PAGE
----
Some crank length experiments

I'm a tall guy but most of my length is in my body. My legs are comparatively short for someone my height. Which, for the purposes of this entry, means that cranks as short as 180mm have been OK for me. Really tall people are basically ignored by the bike industry.

After my Cannondale revelation, I swapped my road bike to Dura Ace 180mm cranks. And the next road bike I purchased, also had DA 180mm cranks. I moved the gear from the Cannondale to a Norco and built up a new Cannondale - so both bikes had 180mm cranks.
My first track bike was also a Cannondale. As a commercially available bike I assumed it was designed around 165mm cranks. I was wrong - but I didn't learn that until after I sold it! So I used 165mm cranks on it and hated them. They felt so short. I got a custom Ti track bike and boosted the bottom bracket height 15mm so I could use 180mm cranks on the track. It turned out to be too high because the Cannondale was high to begin with - they were going after the trendy courier market with the track bike and it needed a high bottom bracket to run fixie on the road.
All subsequent road and mountain bikes were equipped with 180mm cranks.
Until I got a DH bike. That had 165mm cranks. Even with short cranks it still had a lot of pedal strikes. DH bikes run really low, for stability, and pedalling one is a learned skill beyond pedalling in general.
My first trail bike - a Yeti - also got 180mm cranks on it. I thought it would be best for pedalling. Well on good climbs it was the best. But on janky climbs, or deep ruts, or descending, I often got pedal strike. On one stage in the Trans NZ Enduro, I had to scoot like a child on a run bike because my pedals hit the edges of the rut we were all riding in to get to the next stage (while my partner on the same model Yeti but 170mm cranks just pedalled along).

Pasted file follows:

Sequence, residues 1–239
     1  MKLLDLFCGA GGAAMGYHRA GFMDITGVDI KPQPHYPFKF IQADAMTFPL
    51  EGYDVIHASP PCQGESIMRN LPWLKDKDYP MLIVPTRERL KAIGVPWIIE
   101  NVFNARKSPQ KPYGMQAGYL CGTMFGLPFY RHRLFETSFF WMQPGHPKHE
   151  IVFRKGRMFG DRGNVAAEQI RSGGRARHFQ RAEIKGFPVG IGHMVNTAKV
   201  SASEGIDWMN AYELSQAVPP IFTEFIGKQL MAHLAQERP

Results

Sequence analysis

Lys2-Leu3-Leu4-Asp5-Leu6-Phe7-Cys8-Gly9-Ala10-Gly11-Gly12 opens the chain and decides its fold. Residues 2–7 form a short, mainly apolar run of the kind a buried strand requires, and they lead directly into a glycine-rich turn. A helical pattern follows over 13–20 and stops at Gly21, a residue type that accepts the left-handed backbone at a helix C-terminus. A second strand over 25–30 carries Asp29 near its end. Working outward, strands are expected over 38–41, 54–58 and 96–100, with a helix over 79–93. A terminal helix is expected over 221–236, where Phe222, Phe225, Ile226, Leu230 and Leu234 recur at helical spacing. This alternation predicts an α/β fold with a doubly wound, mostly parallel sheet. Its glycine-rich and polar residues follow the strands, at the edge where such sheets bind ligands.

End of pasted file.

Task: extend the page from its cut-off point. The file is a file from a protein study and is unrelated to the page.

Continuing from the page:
When I bought the Slash I had the shop swap the cranks to 170mm from the spec'd 175mm for extra ground clearance. It was a good idea. I don't have pedal strike problems with the bike, but I do still hit the pedals a bit. Like a DH bike the bottom bracket is on the lower side - especially if the suspension is compressed. The wide-range gearing and the sorts of trails I typically ride on this bike mean that I've never felt the cranks were too short. I tend to go for a lower gear and a higher cadence in comparison to my habits on longer cranks.
Last year I put my new commuter bike together. It was meant to have 180mm Campagnolo Record cranks on it. I bought the cranks before I bought the bike! Campy cranks are very straight and as I documented in this forum before, the curvy stays and the straight cranks didn't play well together at all. At all! I ended up with SRAM Red cranks on it, and they only "just" fit. There is 2-3mm of clearance (only). Meaning I'd never get a Stages or similar power meter on the bike.
It also means I'm not running 180mm cranks because SRAM chooses not to produce them. They are 177.5mm - the longest ones Red offers. Many times they've felt too short. Which strikes me as odd considering the 170s on the Slash feel fine. As they are compact cranks as well, the gearing is necessarily lower as well. Working well with the smaller gear and higher cadence approach.

My newest bike, the Ibis, also has 170mm cranks on it. And so far I've not struck a pedal. I feel like I can pedal through most terrain and the pedals still float above the terrain. I also feel like I can climb fine as long as I keep my cadence up.

I've known people who ran difference length cranks on one side of the bike compared to the other and didn't even notice. I'm pretty sensitive to crank length changes, in contrast. But these clearly shorter cranks seem to be working well for me.